"The Animator" featured in Mumbai newspaper

Manick Sorcar featured in the Limelight section of the Weekend Edition of
The Free Press Journal, Mumbai, India.

A scene from "Rule of Twenty One", one of the several
award winning animations of Sorcar

July 18, 2010, Sunday
(Reproduced from The Free Press Journal, Weekend Edition, Limelight section)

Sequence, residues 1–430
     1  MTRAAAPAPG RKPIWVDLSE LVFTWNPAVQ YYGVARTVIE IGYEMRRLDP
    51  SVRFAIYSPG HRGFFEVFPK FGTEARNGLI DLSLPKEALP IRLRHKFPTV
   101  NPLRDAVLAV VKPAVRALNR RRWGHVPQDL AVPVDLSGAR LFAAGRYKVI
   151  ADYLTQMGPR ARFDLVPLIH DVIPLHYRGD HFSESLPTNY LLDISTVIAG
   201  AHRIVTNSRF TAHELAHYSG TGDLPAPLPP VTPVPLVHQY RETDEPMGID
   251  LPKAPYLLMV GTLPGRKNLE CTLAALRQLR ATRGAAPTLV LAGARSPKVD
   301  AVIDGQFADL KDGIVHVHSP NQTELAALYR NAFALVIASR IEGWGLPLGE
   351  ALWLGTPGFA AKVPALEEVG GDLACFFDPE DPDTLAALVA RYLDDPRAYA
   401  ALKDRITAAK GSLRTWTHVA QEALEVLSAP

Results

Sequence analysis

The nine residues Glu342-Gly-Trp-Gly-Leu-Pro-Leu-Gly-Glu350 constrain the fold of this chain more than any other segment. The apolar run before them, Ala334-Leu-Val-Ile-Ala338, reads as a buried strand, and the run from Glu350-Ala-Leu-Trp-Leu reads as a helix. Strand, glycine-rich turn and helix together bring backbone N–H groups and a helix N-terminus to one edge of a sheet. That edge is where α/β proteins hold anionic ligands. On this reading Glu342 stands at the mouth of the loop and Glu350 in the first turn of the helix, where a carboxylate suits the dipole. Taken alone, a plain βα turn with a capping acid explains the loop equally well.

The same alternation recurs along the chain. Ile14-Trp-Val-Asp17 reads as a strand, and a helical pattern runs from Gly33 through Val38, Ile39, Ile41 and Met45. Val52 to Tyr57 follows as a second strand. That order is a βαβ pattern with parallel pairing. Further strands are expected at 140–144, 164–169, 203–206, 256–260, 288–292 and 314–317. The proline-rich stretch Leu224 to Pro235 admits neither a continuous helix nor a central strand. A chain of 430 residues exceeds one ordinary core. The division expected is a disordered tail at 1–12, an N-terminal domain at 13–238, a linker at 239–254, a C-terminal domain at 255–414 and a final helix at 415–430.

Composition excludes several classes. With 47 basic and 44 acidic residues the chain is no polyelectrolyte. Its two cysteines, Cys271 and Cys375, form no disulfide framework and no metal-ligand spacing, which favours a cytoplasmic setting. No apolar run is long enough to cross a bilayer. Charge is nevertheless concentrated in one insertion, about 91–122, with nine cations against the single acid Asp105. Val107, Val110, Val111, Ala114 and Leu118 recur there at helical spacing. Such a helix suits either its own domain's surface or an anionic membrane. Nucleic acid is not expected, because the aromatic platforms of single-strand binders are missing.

The Animator

Son of legendary magician late PCSorcar, Manick Sorcar chose animation to cast a magic spell on his viewers. Based in Denver, USA, this lighting design engineer has won many awards for his works that often premier to the Western world the richness of Indian fables. SUJOY DHAR profiles the animator on whom a book has just been launched in USA.